Flash In Photography – Advanced Lighting With Speedlights
Flash in photography is all about creating the best light for your subject in order to produce high-quality images.
I’ve only recently discovered how vital it is to have a dedicated and flexible flash unit to enable subtle lighting when taking portraits or closeup shots. In fact, I now have two Speedlight flash units.
Rather than relying on the camera’s built-in flash, it’s better to have a dedicated lighting system that is completely flexible. Having at least one light source that can be moved around independently of the camera body itself is beneficial. This is where the useful Speedlight comes in.
To operate a remote camera and flash, I use some amazing units called Pocket Wizards. They are triggering devices that communicate wirelessly.
You’ll need one unit for each item you wish to trigger. If you haven’t come across these yet, do look into them – your creativity will blossom.
What Is A Speedlight?
Photographic flash units
Speedlight is the brand name used by Nikon for its photographic flash units. Nikon’s standalone Speedlights (those not built into the company’s cameras) have the SB- prefix as part of their model designation.
Current Speedlights and other Nikon accessories make up part of Nikon’s Creative Lighting System. This includes the Advanced Wireless Lighting, which enables various Nikon cameras to control multiple Nikon flash units. Encoded pre-flash signals are sent to slave units.
Nikon competitors Canon and Ricoh use the similar name Speedlite for their flashes. Both names indicate that strobe flashes produce much shorter and more intense bursts of light than earlier photographic lighting systems, such as flashbulbs, or continuous lamps used in some studio situations.
Nikon SB-910 Speedlight Flash
The SB-910 is a very sophisticated and capable flash, fully supporting Nikon’s various i-TTL modes. (i-TTL=intellegent through the lens, meaning the camera monitors the flash). This model has been my flash of choice for small parties, shooting portraits, and even some macro work.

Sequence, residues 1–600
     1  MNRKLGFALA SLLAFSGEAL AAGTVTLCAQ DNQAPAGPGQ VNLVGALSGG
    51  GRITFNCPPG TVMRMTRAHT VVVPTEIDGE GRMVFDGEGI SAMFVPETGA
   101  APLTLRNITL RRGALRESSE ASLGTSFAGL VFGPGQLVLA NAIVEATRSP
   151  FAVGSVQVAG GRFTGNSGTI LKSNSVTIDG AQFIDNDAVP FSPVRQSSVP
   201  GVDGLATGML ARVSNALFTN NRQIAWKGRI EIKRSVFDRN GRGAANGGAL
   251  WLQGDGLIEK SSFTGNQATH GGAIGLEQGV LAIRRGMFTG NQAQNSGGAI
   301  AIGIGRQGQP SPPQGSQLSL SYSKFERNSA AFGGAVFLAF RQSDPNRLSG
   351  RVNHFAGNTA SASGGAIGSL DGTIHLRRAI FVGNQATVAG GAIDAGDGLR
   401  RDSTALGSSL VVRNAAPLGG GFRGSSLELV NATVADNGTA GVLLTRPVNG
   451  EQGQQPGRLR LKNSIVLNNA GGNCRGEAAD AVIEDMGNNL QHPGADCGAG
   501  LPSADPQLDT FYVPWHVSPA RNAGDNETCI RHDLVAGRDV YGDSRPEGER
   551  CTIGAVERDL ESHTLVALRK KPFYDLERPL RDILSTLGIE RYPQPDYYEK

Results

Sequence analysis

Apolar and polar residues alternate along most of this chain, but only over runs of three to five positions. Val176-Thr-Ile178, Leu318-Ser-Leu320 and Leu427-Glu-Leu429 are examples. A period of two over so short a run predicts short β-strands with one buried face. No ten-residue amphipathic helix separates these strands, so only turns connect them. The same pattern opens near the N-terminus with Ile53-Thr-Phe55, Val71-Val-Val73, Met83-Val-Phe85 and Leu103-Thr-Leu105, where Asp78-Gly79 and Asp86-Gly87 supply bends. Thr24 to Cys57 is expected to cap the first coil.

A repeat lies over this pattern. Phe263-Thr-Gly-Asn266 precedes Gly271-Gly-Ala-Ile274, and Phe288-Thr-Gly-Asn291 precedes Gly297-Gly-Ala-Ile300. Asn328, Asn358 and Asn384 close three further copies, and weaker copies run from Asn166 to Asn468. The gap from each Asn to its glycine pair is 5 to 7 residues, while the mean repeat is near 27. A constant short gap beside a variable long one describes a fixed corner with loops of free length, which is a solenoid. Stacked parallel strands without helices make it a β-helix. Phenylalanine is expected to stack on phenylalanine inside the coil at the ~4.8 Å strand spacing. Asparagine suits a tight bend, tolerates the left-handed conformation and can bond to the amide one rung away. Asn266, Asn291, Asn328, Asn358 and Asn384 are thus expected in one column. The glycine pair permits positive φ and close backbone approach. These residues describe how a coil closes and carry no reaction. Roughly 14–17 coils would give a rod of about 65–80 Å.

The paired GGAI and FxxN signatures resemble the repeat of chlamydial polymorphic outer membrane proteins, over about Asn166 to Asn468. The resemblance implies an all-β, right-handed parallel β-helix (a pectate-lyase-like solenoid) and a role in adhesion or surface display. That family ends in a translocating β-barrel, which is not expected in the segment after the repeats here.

Great Lighting performance with Nikon’s Creative Lighting System
- The SB-910 gives an extraordinary lighting performance both in the studio and in the field.
- The unit is compatible with both FX and DX-format D-SLRs.
- It features Nikon’s versatile i-TTL metering for precision on-camera or wireless flash control.
- Also, it can operate either as a hot shoe mounted Speedlight, or a remote unit or a wireless Commander (with up to four channel options) capable of controlling up to three remote groups (A, B and C).
- Ergonomically designed, the SB-910 well-illuminated buttons to assist the user in low light.
- Has improved thermal cut out protection.
- Manual with power ratio.
- Three illumination patterns for specific shooting environments.
- Wide zoom range from 17–200mm.
- Streamlined controls and menus.
When it comes to flash in photography, the Nikon SB-910 Speedlight is one of the most versatile to choose from.
The Canon Speedlite 580EX II Flash can control (master) and be controlled by (slave) the Canon Speedlite 550EX Flash and the Canon ST-E2 Wireless Transmitter. The Canon 420EX Flash can act as a slave unit too.
Canon Speedlites use light for simple but useful wireless flash communications.
- E-TTL II for compatible Canon EOS cameras and EF series lenses.
- Flash controls settable through camera’s LCD screen on compatible EOS digital SLR models.